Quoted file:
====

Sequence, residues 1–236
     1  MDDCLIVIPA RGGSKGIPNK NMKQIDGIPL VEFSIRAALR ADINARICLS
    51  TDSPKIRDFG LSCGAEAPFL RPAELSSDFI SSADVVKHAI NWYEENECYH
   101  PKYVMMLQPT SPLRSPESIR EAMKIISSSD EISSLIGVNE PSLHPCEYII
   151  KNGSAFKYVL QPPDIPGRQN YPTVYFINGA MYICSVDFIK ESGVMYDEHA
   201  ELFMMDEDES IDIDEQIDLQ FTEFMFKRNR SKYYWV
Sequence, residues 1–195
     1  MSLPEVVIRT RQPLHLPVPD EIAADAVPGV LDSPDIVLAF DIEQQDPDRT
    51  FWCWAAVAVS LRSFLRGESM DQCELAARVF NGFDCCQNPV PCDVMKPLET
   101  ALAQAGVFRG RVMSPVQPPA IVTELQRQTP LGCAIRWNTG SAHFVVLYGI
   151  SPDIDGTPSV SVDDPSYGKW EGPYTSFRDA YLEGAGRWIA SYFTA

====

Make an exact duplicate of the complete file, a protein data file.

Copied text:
Sequence, residues 1–236
     1  MDDCLIVIPA RGGSKGIPNK NMKQIDGIPL VEFSIRAALR ADINARICLS
    51  TDSPKIRDFG LSCGAEAPFL RPAELSSDFI SSADVVKHAI NWYEENECYH
   101  PKYVMMLQPT SPLRSPESIR EAMKIISSSD EISSLIGVNE PSLHPCEYII
   151  KNGSAFKYVL QPPDIPGRQN YPTVYFINGA MYICSVDFIK ESGVMYDEHA
   201  ELFMMDEDES IDIDEQIDLQ FTEFMFKRNR SKYYWV
Sequence, residues 1–195
     1  MSLPEVVIRT RQPLHLPVPD EIAADAVPGV LDSPDIVLAF DIEQQDPDRT
    51  FWCWAAVAVS LRSFLRGESM DQCELAARVF NGFDCCQNPV PCDVMKPLET
   101  ALAQAGVFRG RVMSPVQPPA IVTELQRQTP LGCAIRWNTG SAHFVVLYGI
   151  SPDIDGTPSV SVDDPSYGKW EGPYTSFRDA YLEGAGRWIA SYFTA